technology at TCA
Technology integration at The Christian Academy is governed by the idea that technology is an extremely valuable tool in administration, education, and development. The vision statement TCA uses to guide the technology planning process reflects this idea.
The goal of The Christian Academy’s technology plan is to develop and organize the means by which the school can most effectively use technology to enrich student, faculty, and staff learning and productivity, to enhance technology use in the classroom, and to use technology as a tool to advance institutional standards, while simultaneously being sympathetic to cost and quality of technological equipment. All of this will be done according to the classical philosophy of Christian education that we uphold.
It is with this idea that TCA seeks to implement technology in a purposeful way that is focused on clear objectives and consistent accountability.
TCA has wireless internet that runs through the entire school. This supports a variety of technology initiatives at TCA. TCA is a Google Apps for Education (GAFE) school. This means TCA has access to Google’s Apps offering as well as email for all staff and students in grades six through twelve. Classrooms are equipped with a wall-mounted LED TV. TCA has a computer lab that is available to all of its students and is home to the school’s computer-related courses.
High School students are immersed in technology integration through TCA’s Bring Your Own Device (BYOD)program. This program requires all high school students to bring their own technology device to school for use throughout the day. These devices are used in class to enhance their learning opportunities. The devices are utilized in a variety of ways from simple tasks like note-taking to more complex tasks like collaboration and content creation.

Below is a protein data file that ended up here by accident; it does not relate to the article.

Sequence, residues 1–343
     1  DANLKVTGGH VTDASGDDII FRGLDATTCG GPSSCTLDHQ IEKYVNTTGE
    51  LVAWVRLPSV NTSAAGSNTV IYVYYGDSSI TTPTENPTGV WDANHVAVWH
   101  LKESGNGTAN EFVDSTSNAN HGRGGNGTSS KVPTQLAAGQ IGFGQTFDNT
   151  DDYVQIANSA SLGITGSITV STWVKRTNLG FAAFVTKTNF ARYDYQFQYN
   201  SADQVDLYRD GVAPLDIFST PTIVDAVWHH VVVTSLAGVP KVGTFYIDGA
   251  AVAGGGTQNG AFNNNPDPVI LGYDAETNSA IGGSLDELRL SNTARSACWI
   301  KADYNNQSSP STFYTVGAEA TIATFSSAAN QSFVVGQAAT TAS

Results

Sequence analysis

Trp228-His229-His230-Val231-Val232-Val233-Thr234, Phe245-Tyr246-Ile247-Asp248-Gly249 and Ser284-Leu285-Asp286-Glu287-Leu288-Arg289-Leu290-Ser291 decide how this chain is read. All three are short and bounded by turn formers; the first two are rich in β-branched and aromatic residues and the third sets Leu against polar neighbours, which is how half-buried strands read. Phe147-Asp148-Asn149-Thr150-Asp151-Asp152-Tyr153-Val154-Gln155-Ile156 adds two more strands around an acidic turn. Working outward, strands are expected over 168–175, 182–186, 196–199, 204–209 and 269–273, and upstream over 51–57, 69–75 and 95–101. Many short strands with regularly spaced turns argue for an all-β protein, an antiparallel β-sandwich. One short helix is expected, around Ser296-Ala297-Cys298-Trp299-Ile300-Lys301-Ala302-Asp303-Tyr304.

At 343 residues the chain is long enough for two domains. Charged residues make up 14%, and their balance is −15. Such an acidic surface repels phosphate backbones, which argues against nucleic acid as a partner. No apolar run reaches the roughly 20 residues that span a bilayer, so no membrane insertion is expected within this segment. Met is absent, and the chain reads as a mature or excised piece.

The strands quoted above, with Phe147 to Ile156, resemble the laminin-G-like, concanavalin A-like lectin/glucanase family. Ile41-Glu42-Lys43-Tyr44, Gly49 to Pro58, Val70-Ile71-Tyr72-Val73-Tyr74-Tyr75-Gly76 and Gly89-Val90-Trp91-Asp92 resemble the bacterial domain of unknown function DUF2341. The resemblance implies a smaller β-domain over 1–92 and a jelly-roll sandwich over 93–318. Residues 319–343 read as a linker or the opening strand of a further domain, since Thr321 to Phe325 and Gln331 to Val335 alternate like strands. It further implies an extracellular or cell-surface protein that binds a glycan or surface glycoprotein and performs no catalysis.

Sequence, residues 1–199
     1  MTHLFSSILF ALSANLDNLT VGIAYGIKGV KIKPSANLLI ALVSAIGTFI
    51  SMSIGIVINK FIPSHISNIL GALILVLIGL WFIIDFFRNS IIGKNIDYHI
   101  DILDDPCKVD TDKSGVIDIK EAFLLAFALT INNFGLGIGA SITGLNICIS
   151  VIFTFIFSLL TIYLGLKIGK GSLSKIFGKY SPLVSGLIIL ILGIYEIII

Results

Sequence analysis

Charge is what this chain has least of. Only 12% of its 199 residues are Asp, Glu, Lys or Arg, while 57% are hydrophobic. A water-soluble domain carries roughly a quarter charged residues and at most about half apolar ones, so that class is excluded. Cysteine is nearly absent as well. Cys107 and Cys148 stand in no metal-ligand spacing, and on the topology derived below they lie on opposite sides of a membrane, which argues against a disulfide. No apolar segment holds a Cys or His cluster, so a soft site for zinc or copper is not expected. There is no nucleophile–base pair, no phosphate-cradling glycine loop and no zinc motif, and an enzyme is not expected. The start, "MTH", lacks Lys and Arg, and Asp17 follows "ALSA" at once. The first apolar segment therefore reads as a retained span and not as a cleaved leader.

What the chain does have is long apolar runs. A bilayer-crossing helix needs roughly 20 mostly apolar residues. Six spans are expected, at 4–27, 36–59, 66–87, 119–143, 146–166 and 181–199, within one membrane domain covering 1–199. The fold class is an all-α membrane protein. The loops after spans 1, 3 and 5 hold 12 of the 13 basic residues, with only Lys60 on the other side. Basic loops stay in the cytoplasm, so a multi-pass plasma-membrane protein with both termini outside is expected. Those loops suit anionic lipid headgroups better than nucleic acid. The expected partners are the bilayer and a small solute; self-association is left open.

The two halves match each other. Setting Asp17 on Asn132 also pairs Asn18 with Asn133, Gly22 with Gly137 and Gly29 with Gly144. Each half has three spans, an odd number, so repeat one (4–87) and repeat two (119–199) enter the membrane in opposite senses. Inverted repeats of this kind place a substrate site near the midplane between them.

The BYOD program is here to put powerful tools in the classroom for teachers to utilize in meaningful ways. Teachers are using the program to interact with students, provide immediate feedback, collect important data and streamline collaboration. All of this makes teaching more effective.
Middle School students have regular classes in TCA’s computer lab. In sixth grade, students receive an understanding of their role as digital citizens, work through a keyboarding review, develop introductory skills in the Google Suite Applications, and are introduced to the fundamentals of computer coding. Seventh grade challenges students with advanced Google Suite training, digital citizenship discussions, and more complex computer coding skills. As students move to the eighth grade they shift to a more S.T.E.M. focused instruction. Their first semester involves understanding energy and information transfer, while their second semester dives into the application of these concepts through robotics. Teachers also bring their classes down to the computer to complete a variety of assignments and assessments.
Teachers also have a fleet of Chromebooks available to them for use in their classrooms or within the Library. Students use the Chromebooks to add an interactive element to their class, conduct meaningful research, and become content creators. The students become familiar with the Chrome operating system through an introduction in their computer class and also leverage TCA’s GAFE initiative since it is integrated into the Chromebooks.
Elementary students in fourth and fifth grades are introduced to keyboarding by spending half of their Library classes in the computer lab. Over the course of their fourth and fifth-grade years, the students will complete a typing course to prepare them for Middle School and beyond.
A cart of Android tablets is also available to all Elementary students. The cart can be taken to individual classrooms and used for developing an interactive component to student learning. They put content and assessment at the student’s fingertips in meaningful ways. Teachers use the tablets in centers as developmentally appropriate to create new knowledge and reinforce what has already been taught.